The European Union (EU) and Timor-Leste have a close and fruitful relationship governed by the Cotonou Agreement. This relationship is multifaceted and includes collaboration in the political, economic, trade and development areas. Our partnership makes us stronger and reinforces our capacities to deliver together in the fight against Covid-19, climate change, poverty and exclusion and to strengthen peace and security, democracy, human rights and multilateralism.
The EU / Timor-Leste relationship goes back to 1999. Since 2006, the two partners started working together more closely.
Timor-Leste signed up to the Cotonou Agreement in 2005. The Partnership Agreement comprises members of the African, Caribbean and Pacific (ACP) Group of States - including Timor-Leste - and the EU and its Member States.
It focuses on three main areas:
- Political cooperation.
- Development cooperation.
- Economic and trade cooperation.
As stipulated by the Cotonou Agreement, the EU and Timor-Leste hold regular Political Dialogue sessions, usually once per year. These dialogues allow the parties to review achievements and challenges under the partnership and to address issues of common interest.
The last session was held on 28 January 2021. Due to Covid-19, it was organised by video conference. The 2022 session is scheduled to take place in Dili.
The Cotonou Agreement started implementation in 2000 and had a duration of 20 years. Its successor agreement (negotiated text) has been initialled by all parties, including Timor-Leste, and will be signed in the second half of 2021. The new agreement will officially succeed the Cotonou Agreement once both sides complete their internal procedures for signature and conclusion.
It will shape the political and economic relations in various policy areas between the EU and the 79 ACP States for the next twenty years (2021 – 2041).
The new agreement goes beyond its predecessor in various fields and is a political achievement.
It is expected to be a game-changer by:
- Allowing the partnership to become more political.
- Redesigning and strengthening the EU’s bilateral relations with each region.
- Raising the international ambitions as a group to achieve more together.
moving beyond the traditional development dimension focussing on key common interests and aspirations at local, national, regional and international levels.
Economic and Trade Relations
The Cotonou Partnership Agreement provides also the legal framework for the economic and trade relations between the EU and Timor-Leste. It aims to liberalise trade between both sides while enhancing development and development-finance.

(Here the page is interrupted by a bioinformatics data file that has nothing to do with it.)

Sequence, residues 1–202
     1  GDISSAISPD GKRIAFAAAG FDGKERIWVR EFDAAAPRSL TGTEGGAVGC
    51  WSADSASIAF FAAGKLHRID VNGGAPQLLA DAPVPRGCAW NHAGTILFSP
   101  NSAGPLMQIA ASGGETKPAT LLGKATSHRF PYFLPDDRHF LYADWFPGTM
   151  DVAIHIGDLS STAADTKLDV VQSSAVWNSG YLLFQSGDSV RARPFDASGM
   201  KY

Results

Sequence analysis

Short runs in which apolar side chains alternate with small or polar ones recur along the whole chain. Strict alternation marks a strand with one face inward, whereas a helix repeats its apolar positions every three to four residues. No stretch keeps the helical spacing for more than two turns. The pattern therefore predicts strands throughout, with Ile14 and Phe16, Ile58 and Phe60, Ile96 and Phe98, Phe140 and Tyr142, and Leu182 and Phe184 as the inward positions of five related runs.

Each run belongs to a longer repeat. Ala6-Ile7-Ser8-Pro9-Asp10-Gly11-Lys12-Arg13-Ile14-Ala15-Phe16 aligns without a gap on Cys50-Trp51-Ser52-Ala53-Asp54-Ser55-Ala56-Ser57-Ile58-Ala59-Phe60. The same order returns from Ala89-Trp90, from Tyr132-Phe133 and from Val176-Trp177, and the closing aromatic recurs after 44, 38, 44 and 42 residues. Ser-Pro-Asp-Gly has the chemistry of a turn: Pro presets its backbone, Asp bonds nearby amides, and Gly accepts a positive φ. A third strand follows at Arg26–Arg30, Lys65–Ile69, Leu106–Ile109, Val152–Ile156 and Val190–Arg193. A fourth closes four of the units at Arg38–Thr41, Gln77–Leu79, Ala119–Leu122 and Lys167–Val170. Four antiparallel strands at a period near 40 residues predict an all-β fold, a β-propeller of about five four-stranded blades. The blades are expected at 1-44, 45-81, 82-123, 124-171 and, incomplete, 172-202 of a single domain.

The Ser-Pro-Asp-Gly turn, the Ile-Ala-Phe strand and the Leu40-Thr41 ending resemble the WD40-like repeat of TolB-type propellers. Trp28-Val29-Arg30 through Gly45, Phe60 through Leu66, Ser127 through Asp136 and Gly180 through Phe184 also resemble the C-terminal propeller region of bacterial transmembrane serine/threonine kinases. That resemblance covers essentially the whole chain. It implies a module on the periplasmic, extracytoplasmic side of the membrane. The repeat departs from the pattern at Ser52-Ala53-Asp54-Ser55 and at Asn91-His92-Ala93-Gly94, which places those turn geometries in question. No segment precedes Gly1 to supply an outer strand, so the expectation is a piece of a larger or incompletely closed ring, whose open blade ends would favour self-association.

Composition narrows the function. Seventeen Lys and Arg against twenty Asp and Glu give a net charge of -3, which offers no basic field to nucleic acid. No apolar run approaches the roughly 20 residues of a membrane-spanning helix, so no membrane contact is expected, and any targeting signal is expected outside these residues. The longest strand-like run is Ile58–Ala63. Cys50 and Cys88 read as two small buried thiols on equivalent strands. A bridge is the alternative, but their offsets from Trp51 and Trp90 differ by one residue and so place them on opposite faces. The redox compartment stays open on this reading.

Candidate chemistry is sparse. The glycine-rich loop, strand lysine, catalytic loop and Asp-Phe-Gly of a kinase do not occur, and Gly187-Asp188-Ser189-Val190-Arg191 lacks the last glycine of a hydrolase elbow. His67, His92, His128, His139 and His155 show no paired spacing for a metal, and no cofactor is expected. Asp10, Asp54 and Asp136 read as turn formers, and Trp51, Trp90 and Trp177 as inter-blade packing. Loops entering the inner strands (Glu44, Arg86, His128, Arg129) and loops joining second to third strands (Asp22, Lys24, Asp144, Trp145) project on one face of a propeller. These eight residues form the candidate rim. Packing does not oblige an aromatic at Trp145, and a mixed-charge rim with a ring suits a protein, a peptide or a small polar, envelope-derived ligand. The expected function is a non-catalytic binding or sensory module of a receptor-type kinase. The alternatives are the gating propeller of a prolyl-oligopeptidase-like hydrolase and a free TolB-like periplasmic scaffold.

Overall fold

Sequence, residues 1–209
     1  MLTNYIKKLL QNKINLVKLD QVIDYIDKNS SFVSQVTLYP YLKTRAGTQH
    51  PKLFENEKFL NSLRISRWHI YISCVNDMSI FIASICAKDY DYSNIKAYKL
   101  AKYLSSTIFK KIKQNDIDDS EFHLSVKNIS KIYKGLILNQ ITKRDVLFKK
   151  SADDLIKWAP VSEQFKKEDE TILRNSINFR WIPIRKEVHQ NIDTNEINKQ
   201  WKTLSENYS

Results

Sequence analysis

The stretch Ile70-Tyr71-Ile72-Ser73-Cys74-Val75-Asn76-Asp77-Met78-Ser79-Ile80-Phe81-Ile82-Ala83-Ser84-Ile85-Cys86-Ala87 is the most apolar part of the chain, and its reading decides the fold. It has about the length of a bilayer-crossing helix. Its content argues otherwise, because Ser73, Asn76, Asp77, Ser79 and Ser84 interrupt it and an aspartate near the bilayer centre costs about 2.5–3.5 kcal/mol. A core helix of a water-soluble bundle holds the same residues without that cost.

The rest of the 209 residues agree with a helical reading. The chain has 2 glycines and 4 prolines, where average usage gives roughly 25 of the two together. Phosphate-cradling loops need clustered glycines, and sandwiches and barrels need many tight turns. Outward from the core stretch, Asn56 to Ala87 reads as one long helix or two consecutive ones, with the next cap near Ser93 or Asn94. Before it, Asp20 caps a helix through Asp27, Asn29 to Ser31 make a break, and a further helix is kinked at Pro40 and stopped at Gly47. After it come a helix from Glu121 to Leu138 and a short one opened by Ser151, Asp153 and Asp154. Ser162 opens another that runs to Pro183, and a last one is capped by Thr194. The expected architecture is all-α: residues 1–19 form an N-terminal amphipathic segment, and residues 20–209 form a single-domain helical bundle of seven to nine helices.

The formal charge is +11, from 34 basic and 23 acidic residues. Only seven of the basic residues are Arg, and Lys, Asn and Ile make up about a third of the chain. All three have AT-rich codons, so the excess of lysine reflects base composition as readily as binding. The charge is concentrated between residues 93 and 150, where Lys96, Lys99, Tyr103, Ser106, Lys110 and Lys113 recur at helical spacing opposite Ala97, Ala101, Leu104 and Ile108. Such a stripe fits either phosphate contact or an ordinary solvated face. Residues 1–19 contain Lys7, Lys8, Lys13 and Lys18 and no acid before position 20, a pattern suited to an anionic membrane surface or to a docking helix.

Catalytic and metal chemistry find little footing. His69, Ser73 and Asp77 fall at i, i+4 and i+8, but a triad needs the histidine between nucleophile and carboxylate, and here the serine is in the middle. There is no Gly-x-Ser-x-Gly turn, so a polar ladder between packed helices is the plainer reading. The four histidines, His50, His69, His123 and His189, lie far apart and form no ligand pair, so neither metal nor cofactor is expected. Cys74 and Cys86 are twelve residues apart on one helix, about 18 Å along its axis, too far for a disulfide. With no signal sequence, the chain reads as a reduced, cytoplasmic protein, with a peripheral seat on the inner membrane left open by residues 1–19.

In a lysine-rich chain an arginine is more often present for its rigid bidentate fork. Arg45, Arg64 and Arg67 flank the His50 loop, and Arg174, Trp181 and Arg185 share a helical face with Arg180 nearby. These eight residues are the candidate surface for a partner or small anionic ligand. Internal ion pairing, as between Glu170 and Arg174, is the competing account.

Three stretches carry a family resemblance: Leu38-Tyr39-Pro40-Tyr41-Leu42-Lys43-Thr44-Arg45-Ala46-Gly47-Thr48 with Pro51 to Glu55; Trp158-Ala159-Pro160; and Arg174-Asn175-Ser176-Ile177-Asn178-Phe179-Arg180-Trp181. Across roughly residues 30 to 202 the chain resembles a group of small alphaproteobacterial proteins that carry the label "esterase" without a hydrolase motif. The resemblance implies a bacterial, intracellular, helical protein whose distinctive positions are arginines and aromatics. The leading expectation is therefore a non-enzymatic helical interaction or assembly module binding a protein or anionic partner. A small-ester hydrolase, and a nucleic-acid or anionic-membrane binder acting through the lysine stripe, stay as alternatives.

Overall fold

The current trade relations between the EU and Timor-Leste are governed by the EU’s “Everything But Arms” initiative under which all imports to the EU from Least Developed Countries (LDC) like Timor-Leste are duty-free and quota-free, with the exception of armaments.
In view of Timor-Leste’s possible graduation from the LDC status by 2024, Timor-Leste is currently preparing its accession to the Interim Economic Partnership Agreement (EPA) between the European Union and several Pacific Islands (Fiji, PNG, Somoa and Solomon Islands). Timor-Leste notified the European Commission on 15 October 2020 of its intent to accede to the Interim EPA, which is a WTO-compatible agreement with the overall objective to contribute through trade to sustainable economic growth and poverty reduction. It includes co-operation and assistance in areas such as sanitary norms and standards to help EPA countries benefit from the agreement and can be seen as a driver of change helping to kick-start reforms, contribute to good economic governance, attract investment and boost economic growth, diversification and job creation.
Development Cooperation and Humanitarian Aid
Technical and financial cooperation constitutes the main component of the Cotonou Agreement. It is broken down into implementation periods of 5-6 years. Each period is covered by a global financial envelope.
The one covering the period 2014 – 2020 was for a total amount of €95 million (equivalent to around USD 110 million) and focused mostly on Good Governance and Rural Development.